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Downtown business district proposed in Waynesboro

December 15, 2005|by RICHARD F. BELISLE

waynesboro@herald-mail.com

WAYNESBORO, Pa. - Hoping to keep intact the bracelet of buildings lining Main Street, the Waynesboro Planning Commission is recommending a new zoning designation to "protect the architectural integrity of the downtown," Borough Manager Lloyd Hamberger said Wednesday.

The planning commission met earlier this week with members of Main Street Waynesboro Inc. and the Waynesboro Borough Council to go over a plan for a new zoning district that would set apart the downtown business district.

The outcome was a planning commission vote to recommend that the council adopt a new downtown business district zone.

The new ordinance, if the council accepts it, would protect the business core - west to east from Grant to Broad streets, north to Alley No. 1 and south to Gay Street, said Kevin Grubbs, head of engineering for the borough.

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The council will review the proposal Wednesday night and if it accepts it, will set a public hearing followed by legal ads. A vote to adopt the ordinance could occur as soon as February, Hamberger said.

The new zone sets a zero lot line requirement for any new buildings. That rule, Hamberger said, "would prevent someone from coming in and tearing down three or four buildings and putting up a big-box store with a parking lot in front. We want to maintain the architectural character of the downtown."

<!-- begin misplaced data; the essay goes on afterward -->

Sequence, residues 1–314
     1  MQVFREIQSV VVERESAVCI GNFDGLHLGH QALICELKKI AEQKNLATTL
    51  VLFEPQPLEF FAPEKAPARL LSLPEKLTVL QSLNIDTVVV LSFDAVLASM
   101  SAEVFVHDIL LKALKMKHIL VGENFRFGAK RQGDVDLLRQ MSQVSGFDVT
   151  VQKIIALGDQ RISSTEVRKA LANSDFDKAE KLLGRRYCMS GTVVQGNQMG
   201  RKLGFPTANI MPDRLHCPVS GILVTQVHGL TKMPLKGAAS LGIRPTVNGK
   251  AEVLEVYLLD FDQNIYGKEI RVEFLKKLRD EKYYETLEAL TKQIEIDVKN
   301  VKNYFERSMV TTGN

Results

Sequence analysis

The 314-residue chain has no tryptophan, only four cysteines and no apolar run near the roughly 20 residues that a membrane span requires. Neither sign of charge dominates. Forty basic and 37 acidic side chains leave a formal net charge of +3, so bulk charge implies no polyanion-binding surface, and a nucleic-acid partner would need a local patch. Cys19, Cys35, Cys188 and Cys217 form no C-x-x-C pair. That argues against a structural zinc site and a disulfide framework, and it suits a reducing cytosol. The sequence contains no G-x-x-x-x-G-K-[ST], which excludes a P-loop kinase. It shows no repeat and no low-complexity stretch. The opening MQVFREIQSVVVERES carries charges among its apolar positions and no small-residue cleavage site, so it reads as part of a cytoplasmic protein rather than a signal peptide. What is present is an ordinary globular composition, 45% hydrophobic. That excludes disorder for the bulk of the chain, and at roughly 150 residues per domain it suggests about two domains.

Also, Hamberger said, the new zone will "hopefully encourage development downtown."

"This is a major change," Grubbs said. "It will keep the downtown intact."

"It's a good idea to preserve the historic character of downtown," said MaryBeth Hockenberry, executive director of the Greater Waynesboro Chamber of Commerce.

According to the proposal, the new zone will encourage diversity among professional and business offices, retail sales and commercial services.

Among the uses allowed are retail sales, government buildings, civic and cultural facilities, restaurants and banks without drive-through services, professional and business offices, taxi stands, churches, commercial schools, clubs and fraternal organizations, funeral homes, apartments above first-floor commercial space, business and professional offices in homes, and licensed group homes, the proposal states.

Special exceptions would be required for restaurants and banks with drive-through services, hotels and motels, parking lots and parking structures, auto repair shops, day-care centers, and bed and breakfasts.

Banned would be new single-family homes, car washes, adult movie theaters and bookstores, health clubs, spas, massage parlors and exercise studios "which appeal to the prurient interest without any redeeming social value."

Any new buildings would have to be at least two stories high to fit in with the existing streetscape.

Most of what is included in the new zoning district was taken from the borough's existing zoning ordinance, said Jim Fisher, secretary of Main Street Waynesboro Inc.

The new zoning is significant, Fisher said.

"It will preserve the borough's greatest asset - the continuous line of buildings along Main Street," Fisher said.

The whole streetscape is worth more than any single building of architectural significance, he said.

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